Friday, March 30, 2012

Programming and boringness

"Computers are useless. They can only give you answers." -- Picasso  
"The use of a program to prove the 4-color theorem will not change mathematics - it merely demonstrates that the theorem, a challenge for a century, is probably not important to mathematics." -- Perlis
Once we can program a computer to solve a problem, that problem becomes boring.

It seems that when something is programmable, computable, it immediately loses its appeal as an endeavour for humans. Something that can be solved by an unthinking machine is no longer worthy of study by humans. (What remains to be of interest to humans are better ways to solve the same problem - write the same program better, more efficiently, more elegantly - but these seem second-order, once we have solved the problem.)

Of course this question opens a whole can of worms about what it means to be computable - e.g. does it have to be economically computable, or does it have to be computable before the end of the universe? But in general, I think that programming is interesting, because it touches upon the interesting issue of what it means to be boring.

Current status

Wednesday, March 28, 2012

Current status

Tuesday, March 27, 2012

Kernel Google Group

There's now a klisp Google Group for discussion of the klisp implementation of Kernel, and of Kernel in general. Check it out, there are some interesting posts already.

Also, there are now at least 12 implementations of Kernel and related languages.

Friday, March 23, 2012

[Scheme-reports] Just a load of.. well..

J. A. "Biep" Durieux has posted a highly interesting message to Scheme-reports, that should resonate with the "oh my, Scheme is much too big" crowd. (Which does exist, and does have a point.)

I have excerpted some highlights, and recommend to read it all:

Naming the Scheme languages
Therefore I propose "Schemer" for small Scheme, and "Schemest" for large Scheme. The one name clearly indicates its roots, and the other the fact that it is the maximal Scheme. The name "Scheme" would remain as the family name, and the report could be subtitled "Scheme: Schemer, Schemest".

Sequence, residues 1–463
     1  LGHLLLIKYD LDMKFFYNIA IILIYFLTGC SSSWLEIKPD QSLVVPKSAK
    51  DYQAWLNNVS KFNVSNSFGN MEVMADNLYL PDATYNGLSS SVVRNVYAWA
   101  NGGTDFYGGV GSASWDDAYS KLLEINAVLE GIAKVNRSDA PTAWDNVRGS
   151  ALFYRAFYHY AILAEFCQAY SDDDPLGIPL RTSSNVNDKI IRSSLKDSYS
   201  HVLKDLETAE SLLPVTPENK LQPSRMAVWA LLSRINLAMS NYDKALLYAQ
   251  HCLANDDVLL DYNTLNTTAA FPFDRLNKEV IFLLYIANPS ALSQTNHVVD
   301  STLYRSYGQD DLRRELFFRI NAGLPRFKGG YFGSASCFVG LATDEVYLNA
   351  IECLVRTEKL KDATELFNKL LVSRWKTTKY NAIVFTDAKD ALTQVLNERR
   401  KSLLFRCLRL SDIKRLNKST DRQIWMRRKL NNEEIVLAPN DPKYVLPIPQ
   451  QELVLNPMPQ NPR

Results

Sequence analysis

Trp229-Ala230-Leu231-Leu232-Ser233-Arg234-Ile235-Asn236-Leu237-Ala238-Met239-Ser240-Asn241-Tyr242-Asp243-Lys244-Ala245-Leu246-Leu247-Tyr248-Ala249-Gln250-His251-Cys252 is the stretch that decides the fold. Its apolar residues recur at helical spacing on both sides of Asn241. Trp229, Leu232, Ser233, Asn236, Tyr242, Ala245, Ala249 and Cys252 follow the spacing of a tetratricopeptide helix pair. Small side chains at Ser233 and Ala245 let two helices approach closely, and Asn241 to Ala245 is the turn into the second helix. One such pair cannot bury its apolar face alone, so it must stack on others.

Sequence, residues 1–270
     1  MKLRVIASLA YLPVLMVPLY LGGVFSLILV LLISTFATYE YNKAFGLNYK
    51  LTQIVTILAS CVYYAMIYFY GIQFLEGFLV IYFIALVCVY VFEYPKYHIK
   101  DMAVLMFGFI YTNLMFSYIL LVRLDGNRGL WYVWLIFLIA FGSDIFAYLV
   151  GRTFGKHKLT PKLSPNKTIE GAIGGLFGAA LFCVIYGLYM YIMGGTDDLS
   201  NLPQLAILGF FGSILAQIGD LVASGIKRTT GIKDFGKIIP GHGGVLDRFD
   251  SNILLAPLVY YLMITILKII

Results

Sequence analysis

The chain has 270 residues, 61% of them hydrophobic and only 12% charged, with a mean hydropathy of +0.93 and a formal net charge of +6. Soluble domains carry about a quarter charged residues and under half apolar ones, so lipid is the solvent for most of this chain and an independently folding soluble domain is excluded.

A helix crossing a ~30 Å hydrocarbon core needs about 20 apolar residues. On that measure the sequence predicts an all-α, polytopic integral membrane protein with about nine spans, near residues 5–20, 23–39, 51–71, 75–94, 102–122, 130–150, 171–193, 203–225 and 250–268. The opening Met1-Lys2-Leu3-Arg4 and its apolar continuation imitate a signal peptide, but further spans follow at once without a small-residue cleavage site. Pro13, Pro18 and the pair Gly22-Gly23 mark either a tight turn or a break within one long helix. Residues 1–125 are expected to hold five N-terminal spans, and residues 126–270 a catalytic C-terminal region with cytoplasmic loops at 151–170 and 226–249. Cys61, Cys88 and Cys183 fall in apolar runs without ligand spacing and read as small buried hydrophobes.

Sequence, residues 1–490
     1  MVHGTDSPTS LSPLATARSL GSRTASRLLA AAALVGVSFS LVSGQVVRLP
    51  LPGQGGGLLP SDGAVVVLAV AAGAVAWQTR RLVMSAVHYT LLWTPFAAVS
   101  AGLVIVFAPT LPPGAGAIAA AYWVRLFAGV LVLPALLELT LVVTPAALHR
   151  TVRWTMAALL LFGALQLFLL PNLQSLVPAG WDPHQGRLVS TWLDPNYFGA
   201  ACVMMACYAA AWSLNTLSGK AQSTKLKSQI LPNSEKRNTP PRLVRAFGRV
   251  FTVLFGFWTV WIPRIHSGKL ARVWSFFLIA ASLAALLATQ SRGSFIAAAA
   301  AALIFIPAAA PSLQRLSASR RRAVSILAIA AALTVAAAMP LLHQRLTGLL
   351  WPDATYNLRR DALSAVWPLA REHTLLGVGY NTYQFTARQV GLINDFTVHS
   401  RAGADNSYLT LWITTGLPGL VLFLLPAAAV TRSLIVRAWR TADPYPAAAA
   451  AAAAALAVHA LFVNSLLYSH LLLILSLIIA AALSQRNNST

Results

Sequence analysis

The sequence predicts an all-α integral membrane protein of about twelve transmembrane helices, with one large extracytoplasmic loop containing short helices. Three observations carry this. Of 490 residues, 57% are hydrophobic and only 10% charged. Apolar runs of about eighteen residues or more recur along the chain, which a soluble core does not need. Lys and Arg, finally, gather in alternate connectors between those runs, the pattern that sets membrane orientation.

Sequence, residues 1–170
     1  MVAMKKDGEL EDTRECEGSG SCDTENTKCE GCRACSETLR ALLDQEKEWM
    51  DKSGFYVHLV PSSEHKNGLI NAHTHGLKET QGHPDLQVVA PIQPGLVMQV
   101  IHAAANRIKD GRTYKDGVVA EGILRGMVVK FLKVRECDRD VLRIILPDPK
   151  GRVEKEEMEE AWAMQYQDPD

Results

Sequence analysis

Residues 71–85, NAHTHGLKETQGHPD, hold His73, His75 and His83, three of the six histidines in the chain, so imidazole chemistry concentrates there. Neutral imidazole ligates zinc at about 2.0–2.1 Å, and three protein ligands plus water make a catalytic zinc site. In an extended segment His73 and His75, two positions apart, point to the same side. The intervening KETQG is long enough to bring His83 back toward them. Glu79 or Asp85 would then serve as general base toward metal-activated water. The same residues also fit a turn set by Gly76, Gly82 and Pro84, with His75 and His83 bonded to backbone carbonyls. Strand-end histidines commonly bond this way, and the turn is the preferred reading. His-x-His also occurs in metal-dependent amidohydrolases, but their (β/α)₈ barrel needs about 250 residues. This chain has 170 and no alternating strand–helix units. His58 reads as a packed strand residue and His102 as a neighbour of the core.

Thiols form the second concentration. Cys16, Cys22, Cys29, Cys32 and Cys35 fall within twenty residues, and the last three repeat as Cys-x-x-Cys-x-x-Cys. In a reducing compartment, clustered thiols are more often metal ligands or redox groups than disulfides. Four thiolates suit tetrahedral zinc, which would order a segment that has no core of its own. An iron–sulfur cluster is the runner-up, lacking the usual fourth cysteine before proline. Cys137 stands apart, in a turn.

The asymmmetry between multiple inputs and multiple outputs for procedures
This is inherent in Scheme syntax: the receiver of the output of an expression is indicated by the place where this expression occurs - which is necessarily singular: (get-some g1 (provide p1 p2 p3) g2). Repeating the expression would lead to repeated execution: (get-some g1 (provide p1 p2 p3) (provide p1 p2 p3) g2) - apart from being cumbersome.
Prolog has a symmetry in its syntax here that languages with nested expressions simply don't (and I think can't) have. Mark that this is independent of unification: it would be possible to have an unidirectional prolog-like notation, with a group of input variables and a group of output variables, say separated by a hyphen:
(lambda (a b - result rem quot) (quotient+remainder a b - quot rem) (* quot rem - result) (display result -))
Barely possible is "splicing in" multiple results - which would require them to be adjacent. A splicing construct (+ 1 ,@(quotient+remainder 25 4) 6) might do - see Lua for an even more constricting solution.

Tables and environments
This would lead to mutable first-class environments.
Let identifiers be hygienic - translated to locations (or location indicators, as the case may be) at the moment a procedure is defined. So (+ x 1) doesn't change when another x is inserted in a more local environment - or when it is deleted from the original environment. In the latter case the location is not garbage-collected, because this code still refers to it. It is also possible to write (+ (get-location-of 'a) 1), and *that* code is sensitive to environment manipulation.
(There might well be a flag indicating that each mention of an identifier is meant as a call to get-location - some kind of "don't inline" pragma.)
Oh, and environments shouldn't be different from other tables, and should have a way to indicate where to find a location that is not locally available. In that way various schemes of multiple inheritance would become trivially implementable.

Multi-pass compilation
This is like solving a consistency maintenance system (Jon Doyle called that "truth maintenance", some others "reason maintenance"), which is more for constraint satisfaction systems than for Scheme. Single pass with maximal deferment is the Scheme way: variables inside lambdas don't need to be resolved yet, resolution can be deferred until they are called. Without very strong reasons, one should not request different behaviour from syntax transformers. Ease of compilation, or speed of the resulting system are no strong reasons.

Once there was Lisp/Scheme, which was about lambda. Then a completely different language for macro rewriting was added, and now a (hidden) constraint satisfaction system. I don't like that, it is feature on top of feature. A rewriter can be written in Scheme and then used in macro expansion - great, but let the rewriter then be generally available (because it has other possible uses), and be optional in writing syntax (because there are other ways that sometimes may be better). The same is true for a consistency maintanance or constraint satisfaction language - let them be first-class, explicit languages that one may use or not according to ones liking. That's what libraries are for.